Other than from the occasional roaring fireplace, the only warmth in this cold and distinctly unmerry olde England comes from the bonds that grow, first, between Robin and Sir Walter, who quickly embraces the new arrival as a surrogate son, then between Robin and Cate Blanchett’s Marion, here reconceived as a self-sufficient woman and nascent warrior very much along modern lines. Even though there are no better actors one could imagine for either of these roles, the predictably programmed progress of the relationship prevents even Crowe and Blanchett from doing a whole lot with it; the underplayed romance is presented as a gradual, inevitable thaw rather than a lightning bolt of passion, but while this feels plausible between two wary, fortyish survivors, it’s not very dramatic or emotionally engaging.
One half-hearted, incidental sequence featuring Robin and his three barely identified, much less characterized crusader mates, on a larky escapade dispatching some bad guys in the forest is enough to demonstrate that Scott would scarcely have been the right director to pull off a high-spirited, old-fashioned romp in the style of Michael Curtiz’s and William Keighley’s immortal “The Adventures of Robin Hood” with Errol Flynn.
But, the dramatic sobreity and historical consciousness with which the director approaches this new take is knee-capped by the sort of broadstroke villainy and motivational simplicity more suitable for a straightforward audience pleaser of yore. The extreme punishment Godfrey and his crew mete out on ordinary citizens in the latter stretch seem wholly gratuitous and off-puttingly bring the film down to the level of violence for violence’s sake.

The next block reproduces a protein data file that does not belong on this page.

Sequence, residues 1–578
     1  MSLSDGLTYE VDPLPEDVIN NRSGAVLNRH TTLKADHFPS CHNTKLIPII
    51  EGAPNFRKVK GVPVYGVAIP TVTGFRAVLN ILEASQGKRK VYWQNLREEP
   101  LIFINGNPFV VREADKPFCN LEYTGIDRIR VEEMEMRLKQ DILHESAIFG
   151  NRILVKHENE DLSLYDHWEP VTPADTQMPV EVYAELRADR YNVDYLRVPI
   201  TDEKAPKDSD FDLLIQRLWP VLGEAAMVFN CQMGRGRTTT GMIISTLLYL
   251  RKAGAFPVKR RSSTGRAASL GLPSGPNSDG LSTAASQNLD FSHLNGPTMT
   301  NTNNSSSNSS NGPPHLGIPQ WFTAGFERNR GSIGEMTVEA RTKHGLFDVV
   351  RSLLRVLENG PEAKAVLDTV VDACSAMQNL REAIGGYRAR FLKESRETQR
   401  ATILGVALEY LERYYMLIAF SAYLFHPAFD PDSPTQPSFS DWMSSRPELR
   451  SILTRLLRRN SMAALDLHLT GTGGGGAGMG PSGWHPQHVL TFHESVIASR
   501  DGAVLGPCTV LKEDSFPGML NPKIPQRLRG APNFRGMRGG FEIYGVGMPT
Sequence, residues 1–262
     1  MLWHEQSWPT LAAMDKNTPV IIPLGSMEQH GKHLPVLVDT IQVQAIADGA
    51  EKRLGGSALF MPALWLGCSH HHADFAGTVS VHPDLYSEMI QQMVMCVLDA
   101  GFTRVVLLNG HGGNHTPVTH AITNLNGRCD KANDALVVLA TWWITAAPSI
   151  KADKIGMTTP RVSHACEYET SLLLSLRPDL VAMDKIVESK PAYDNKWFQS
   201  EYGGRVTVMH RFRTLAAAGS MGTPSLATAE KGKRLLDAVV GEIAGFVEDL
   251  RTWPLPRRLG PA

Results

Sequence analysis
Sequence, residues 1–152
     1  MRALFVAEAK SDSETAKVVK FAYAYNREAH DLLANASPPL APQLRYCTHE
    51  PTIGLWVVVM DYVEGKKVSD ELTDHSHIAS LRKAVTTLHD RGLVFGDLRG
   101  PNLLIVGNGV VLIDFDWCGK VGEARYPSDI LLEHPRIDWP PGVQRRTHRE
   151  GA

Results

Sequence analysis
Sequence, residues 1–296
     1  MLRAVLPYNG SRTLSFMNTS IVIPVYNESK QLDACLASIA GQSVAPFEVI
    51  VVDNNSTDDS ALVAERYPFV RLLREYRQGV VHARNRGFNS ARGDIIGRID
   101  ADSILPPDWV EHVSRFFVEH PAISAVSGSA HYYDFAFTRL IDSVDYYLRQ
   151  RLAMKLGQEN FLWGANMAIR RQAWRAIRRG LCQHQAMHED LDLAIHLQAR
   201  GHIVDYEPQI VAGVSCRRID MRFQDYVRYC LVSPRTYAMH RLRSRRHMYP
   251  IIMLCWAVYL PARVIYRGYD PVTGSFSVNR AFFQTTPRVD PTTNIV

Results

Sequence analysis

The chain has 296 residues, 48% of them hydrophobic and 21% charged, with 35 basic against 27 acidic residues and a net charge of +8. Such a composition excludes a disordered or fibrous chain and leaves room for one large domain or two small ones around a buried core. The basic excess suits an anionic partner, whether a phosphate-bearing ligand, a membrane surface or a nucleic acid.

Matters pick up a bit thanks to the spectacular logistics of the climactic battle; with Godfrey’s men poised on a Channel beach to welcome the French fleet as it arrives to invade England, Robin, the barons and a dithering King John surprise them on the high cliffs above, from which the archers rain down a torrrent of arrows before mounted troops engage the enemy on the sand and in the water. The history-minded will enjoy the wit of a subsequent scene which is consciously set up to suggest the signing of the Magna Carta.
Still, what we’re left with is a fashionably gritty period drama, conceived by intelligent minds and handsomely decked out, but featuring no beating heart or compelling raison d’etre. The very ending, a sort of cliffhanger followed by the title, “And so the legend begins,” makes you want to see something other than the movie you’ve just seen. The problem is that this “Robin Hood” is unlikely to spawn a sequel, so unless Scott has already filmed a secret follow-up, as Richard Lester did with “The Three Musketeers,” this legend will simply have to be imagined.
A small afterthought: Does Ridley Scott have something against Peter O’Toole? This is the second Scott film in which there is an important role that all but cries out for O’Toole to play it. Richard Harris was okay as Marcus Aurelius in “Gladiator” but there can be little doubt O’Toole would have been sensational. I am second to none in my esteem for Max von Sydow; his name in a cast always increases my desire to see a film. But good as he is here, I still wished I’d been seeing the rascally Irishman as the 84-year-old patriarch who warms up over the course of a long evening with the help of abundant conversation water.